Teens Locked Up and Forced to Give Birth to Kids Sold into Slavery -- How Can This Happen, and What Can We Do About It?
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These might have been salient points for the BBC to touch upon in its coverage of this issue, especially since four years after they first reported on baby farms, here we are with no discernible change. Alas.
Given rightful sensitivities about how Africa and Africans are portrayed by almost everyone else in the world and/or especially the global media, the BBC needs to check the caliber of their coverage. For starters, the 2011 article on “baby farms,” includes at least one typo, and a sentence cribbed verbatim from the 2008 piece. It’s not clear where or when the awful phrase “baby farm” was coined, but I must say that’s macabre marketing genius right there. BBC’s use of the term in its title is sensationalistic – link baiting even – and distracts from the complexity and gravity of the issue.
Human trafficking, human rights abuses, false imprisonment, reproductive choice, I mean there’s a lot to take in here. This is a highly disturbing scenario, but only further perverted by the use of this phrase. While there are human rights and human lives at stake here, the term caricatures a complex set of issues, and objectifies those involved – the babies, the young women, and even Nigeria itself.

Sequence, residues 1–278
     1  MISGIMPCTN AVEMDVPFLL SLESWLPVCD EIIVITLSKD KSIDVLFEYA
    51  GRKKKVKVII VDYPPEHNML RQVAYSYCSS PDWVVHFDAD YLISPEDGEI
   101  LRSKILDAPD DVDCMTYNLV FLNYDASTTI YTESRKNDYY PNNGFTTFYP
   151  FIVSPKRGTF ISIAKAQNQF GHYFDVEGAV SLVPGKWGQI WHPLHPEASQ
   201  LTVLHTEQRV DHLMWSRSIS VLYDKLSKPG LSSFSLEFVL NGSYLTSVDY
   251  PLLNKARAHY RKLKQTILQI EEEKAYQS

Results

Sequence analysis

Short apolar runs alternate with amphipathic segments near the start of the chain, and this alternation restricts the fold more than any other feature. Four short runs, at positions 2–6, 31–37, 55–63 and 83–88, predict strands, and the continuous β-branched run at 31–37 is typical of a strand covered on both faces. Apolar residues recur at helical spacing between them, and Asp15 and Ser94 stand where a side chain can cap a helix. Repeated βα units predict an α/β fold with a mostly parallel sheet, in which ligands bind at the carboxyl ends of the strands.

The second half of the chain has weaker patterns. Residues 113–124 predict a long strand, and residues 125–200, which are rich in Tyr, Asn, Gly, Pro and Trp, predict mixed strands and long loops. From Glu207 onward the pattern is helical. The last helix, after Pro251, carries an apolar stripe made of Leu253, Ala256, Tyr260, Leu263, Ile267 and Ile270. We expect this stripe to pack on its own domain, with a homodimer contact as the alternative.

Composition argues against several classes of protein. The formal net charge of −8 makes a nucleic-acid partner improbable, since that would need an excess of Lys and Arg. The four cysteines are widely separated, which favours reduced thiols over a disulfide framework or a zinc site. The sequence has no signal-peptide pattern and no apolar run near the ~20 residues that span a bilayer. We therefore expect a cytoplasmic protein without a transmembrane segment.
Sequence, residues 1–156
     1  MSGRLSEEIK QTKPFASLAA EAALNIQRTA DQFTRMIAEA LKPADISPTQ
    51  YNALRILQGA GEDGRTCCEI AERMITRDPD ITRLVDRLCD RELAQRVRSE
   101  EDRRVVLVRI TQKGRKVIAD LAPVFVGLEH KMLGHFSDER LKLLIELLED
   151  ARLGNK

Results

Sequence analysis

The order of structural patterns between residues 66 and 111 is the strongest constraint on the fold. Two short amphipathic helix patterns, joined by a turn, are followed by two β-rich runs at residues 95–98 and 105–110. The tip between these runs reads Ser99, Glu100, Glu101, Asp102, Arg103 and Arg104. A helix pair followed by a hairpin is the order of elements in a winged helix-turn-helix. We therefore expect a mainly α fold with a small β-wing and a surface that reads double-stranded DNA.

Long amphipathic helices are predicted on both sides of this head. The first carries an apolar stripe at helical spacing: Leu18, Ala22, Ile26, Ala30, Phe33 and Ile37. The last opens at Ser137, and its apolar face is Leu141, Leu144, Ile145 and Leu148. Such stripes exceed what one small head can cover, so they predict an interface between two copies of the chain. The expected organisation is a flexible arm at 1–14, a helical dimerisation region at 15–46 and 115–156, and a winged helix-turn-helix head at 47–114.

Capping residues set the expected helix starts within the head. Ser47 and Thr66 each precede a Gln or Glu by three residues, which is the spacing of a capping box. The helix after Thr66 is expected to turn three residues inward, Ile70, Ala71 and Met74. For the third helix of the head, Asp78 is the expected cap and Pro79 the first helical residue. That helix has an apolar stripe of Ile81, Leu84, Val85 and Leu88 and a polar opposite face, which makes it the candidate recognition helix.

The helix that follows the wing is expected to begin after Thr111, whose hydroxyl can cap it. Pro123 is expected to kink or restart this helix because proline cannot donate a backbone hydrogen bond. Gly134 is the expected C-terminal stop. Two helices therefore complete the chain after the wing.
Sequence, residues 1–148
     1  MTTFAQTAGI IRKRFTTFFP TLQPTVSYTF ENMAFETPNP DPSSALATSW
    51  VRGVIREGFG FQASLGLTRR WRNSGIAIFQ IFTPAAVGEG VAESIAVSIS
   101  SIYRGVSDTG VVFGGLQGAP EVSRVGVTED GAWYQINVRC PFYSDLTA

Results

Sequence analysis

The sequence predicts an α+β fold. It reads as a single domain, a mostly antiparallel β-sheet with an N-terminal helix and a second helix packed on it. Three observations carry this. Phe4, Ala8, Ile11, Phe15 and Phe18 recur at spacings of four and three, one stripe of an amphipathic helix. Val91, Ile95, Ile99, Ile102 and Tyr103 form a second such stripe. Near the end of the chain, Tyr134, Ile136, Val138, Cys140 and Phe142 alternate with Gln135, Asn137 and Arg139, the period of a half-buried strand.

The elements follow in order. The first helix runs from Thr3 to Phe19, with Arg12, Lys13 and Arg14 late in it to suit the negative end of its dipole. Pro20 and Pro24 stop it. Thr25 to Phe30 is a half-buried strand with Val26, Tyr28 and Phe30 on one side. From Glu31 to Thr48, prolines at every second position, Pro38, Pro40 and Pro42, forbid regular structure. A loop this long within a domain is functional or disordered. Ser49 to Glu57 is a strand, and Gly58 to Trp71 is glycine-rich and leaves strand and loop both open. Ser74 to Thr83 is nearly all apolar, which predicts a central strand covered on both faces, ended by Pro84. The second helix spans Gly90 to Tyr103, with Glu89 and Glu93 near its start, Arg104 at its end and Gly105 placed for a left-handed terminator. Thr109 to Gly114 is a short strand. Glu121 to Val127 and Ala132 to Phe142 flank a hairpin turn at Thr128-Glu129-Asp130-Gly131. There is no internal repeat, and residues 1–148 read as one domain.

For some readers perusing this eye-catching article (also covered in the New York Daily News, natch), this may be their first introduction to social justice or health issues in Nigeria. Let’s see what they’ll get: baby farm, witchcraft, desperate, poverty, corruption, crime, and savagery. The article “otherizes” these issues, painting Nigeria as a horrid place where such a ghastly things occur.
Yet, this notion of using pregnancy as a fulcrum for manipulating women is not so “other,” not so savage and foreign after all. It happens all over the world, and it happens right here in the US. For instance, increased discussion and examination of crisis pregnancy centers is revealing just how manipulative and coercive their tactics can be. Who do they often target? Poor, desperate young women with unwanted pregnancies. In addition, one could argue that, in fact, no one is more immersed in finding ways to manipulate women via reproductive rights than the US Congress.
BBC states the obvious: “poor, unmarried women face tough choices if they get pregnant in Nigeria.” Um, yes. I think we can safely substitute any country in the world in that sentence and it would read just as true. In fact, we can say that young women face tremendous reproductive health challenges all over the world. Now that we know this, what are we going to do about it?